Q: Did you see that sleep disruptions will give kids depression and anxiety in later life?
A: The story in the Herald? From the Daily Mail? Yes
Q: And that this costs the US $120 billion per year? Is that what they really found?
A: No. The $120 billion is for all forms of anxiety and depression. They’re not really claiming it’s all — or even mostly — due to kids sleeping badly. They just want you to see the number.
Q: What did they really find?
A: They say kids who got less sleep for two nights found less enjoyment in positive things.
Q: Makes sense. You certainly get grumpy after even one night’s disrupted sleep.
A: Pot, kettle.
Q: But that’s just short-term. What happened when the kids grew up?
A: They didn’t. They’re still kids.
Q: How long have they followed them up?
A: The press release describes the experiment as still ongoing: “they are temporarily restricting sleep in 50 pre-adolescent children between the ages of 7 to 11. “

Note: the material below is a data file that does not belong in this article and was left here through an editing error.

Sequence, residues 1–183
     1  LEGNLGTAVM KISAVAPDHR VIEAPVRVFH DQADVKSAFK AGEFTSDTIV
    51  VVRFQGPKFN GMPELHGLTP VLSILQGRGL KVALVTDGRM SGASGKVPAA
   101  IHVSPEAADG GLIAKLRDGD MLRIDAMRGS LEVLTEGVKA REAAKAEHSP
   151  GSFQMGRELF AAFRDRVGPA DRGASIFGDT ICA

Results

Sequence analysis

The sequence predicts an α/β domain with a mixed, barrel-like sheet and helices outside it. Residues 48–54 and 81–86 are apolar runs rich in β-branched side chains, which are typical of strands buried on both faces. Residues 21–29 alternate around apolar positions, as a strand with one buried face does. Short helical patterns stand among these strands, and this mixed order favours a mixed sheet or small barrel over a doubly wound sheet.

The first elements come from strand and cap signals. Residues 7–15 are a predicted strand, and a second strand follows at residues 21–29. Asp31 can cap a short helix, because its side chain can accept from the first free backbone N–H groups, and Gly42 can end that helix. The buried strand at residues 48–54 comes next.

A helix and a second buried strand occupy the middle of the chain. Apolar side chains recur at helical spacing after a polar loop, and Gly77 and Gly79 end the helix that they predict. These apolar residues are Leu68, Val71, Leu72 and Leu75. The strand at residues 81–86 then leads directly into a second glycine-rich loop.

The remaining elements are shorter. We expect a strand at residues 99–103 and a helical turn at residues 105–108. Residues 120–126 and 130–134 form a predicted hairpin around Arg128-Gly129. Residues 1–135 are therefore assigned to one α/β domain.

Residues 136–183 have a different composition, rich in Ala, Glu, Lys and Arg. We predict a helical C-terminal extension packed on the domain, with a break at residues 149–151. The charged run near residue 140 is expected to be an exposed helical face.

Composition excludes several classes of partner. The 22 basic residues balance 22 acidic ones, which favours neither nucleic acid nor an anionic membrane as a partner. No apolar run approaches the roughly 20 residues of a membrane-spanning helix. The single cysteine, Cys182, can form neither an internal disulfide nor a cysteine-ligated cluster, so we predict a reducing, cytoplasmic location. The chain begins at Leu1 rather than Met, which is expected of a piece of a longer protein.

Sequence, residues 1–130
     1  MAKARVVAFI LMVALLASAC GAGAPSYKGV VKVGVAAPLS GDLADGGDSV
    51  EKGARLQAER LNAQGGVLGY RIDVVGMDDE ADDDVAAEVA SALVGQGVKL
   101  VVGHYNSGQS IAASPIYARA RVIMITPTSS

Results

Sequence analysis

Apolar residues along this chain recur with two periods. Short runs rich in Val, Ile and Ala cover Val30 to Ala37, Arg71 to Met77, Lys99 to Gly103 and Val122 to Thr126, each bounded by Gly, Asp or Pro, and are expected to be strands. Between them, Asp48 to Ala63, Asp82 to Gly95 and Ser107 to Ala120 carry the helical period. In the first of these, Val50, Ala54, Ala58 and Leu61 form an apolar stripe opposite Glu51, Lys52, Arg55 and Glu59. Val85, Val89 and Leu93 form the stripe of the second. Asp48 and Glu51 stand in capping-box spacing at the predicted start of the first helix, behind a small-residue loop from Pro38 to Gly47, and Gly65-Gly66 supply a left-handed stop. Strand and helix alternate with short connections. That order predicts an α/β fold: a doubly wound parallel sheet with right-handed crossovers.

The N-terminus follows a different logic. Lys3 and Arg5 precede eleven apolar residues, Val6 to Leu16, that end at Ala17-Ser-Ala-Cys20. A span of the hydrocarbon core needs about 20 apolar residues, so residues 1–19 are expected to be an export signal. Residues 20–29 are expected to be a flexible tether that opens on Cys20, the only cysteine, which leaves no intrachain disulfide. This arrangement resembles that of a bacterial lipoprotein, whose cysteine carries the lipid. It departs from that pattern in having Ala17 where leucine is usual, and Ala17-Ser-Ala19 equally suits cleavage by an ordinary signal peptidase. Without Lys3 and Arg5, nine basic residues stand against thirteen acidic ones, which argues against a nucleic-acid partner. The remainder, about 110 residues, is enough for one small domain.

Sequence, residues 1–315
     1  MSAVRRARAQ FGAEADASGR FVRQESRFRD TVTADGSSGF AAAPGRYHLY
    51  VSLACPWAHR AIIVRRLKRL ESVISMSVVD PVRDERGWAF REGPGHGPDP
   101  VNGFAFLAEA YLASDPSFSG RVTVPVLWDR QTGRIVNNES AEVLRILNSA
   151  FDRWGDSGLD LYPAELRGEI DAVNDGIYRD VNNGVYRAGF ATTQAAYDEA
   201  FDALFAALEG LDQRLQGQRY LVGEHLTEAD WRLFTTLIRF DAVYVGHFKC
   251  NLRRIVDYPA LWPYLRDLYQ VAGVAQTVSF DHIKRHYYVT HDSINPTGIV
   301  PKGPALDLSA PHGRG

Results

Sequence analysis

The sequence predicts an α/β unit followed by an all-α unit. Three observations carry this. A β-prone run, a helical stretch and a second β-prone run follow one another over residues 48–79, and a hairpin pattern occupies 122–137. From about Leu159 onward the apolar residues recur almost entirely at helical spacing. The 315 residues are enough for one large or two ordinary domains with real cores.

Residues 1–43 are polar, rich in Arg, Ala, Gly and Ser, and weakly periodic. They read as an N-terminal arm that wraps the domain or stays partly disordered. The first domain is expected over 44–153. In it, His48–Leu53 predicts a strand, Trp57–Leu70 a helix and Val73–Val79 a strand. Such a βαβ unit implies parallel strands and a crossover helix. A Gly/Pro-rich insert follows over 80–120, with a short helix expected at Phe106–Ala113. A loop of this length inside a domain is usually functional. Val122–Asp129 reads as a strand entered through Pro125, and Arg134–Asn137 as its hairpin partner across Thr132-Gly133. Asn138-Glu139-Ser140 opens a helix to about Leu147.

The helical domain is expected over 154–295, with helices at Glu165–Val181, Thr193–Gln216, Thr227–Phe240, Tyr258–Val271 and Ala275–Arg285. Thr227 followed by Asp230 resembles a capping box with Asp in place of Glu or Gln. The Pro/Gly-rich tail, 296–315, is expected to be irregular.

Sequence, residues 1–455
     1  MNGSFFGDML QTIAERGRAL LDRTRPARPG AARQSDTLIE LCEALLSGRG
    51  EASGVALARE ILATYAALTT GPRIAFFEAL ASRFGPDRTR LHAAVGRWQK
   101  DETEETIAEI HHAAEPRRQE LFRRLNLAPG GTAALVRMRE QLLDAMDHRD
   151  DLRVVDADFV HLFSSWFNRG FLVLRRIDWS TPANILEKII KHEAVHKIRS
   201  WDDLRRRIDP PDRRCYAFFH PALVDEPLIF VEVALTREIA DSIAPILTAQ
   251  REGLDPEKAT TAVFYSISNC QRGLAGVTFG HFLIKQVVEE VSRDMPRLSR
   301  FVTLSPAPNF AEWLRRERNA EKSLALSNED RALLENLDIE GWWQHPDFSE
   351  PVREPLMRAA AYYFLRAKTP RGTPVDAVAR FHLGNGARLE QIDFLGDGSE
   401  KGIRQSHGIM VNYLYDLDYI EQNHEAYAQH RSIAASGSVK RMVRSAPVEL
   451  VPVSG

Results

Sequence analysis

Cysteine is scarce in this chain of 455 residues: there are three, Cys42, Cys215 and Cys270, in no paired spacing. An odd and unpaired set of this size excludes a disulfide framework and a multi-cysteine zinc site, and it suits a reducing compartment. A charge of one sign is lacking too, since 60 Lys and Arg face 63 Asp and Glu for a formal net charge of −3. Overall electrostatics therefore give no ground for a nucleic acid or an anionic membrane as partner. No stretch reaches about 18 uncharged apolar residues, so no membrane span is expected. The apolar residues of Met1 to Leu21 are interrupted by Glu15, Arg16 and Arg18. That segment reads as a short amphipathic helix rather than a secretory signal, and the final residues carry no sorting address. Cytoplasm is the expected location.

Q: But the Herald has that in the past tense.
A: Yes. Yes it does.
Q: How long has the research been going on?
A: The grant was funded about two years ago.
Q: Ok, so why does the story talk about “depression and anxiety as adults”?
A: The researchers believe there would be long-term effects in adults.
Q: But this experiment isn’t about that?
Q: That’s a relief, actually. If the experiment really was going to make the kids depressed as adults it wouldn’t seem ethical.
A: No, though we also could talk about the ethics of news stories that imply parents are at fault for everything.